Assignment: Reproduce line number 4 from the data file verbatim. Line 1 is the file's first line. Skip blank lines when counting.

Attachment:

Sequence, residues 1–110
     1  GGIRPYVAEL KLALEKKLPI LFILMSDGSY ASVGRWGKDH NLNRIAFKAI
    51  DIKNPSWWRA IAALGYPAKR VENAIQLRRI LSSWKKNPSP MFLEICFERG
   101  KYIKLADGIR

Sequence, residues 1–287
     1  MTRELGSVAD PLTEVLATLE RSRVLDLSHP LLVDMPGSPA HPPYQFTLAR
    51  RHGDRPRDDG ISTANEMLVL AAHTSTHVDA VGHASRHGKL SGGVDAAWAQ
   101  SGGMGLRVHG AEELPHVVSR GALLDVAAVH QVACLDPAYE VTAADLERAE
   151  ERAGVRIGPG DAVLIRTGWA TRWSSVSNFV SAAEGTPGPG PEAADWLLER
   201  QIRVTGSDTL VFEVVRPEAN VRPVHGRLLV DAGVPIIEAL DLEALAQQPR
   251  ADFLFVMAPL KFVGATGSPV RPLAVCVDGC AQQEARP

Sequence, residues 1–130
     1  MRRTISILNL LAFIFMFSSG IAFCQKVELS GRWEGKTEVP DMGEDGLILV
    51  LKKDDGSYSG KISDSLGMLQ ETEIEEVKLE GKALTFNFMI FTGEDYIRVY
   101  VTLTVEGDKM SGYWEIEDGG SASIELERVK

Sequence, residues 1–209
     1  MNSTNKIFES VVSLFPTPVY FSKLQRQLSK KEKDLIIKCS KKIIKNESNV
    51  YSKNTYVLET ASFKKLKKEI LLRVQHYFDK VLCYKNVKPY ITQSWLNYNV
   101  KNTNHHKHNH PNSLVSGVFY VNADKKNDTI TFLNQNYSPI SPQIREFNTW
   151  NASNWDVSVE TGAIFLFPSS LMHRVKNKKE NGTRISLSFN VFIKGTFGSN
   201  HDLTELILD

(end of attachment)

   101  KYIKLADGIR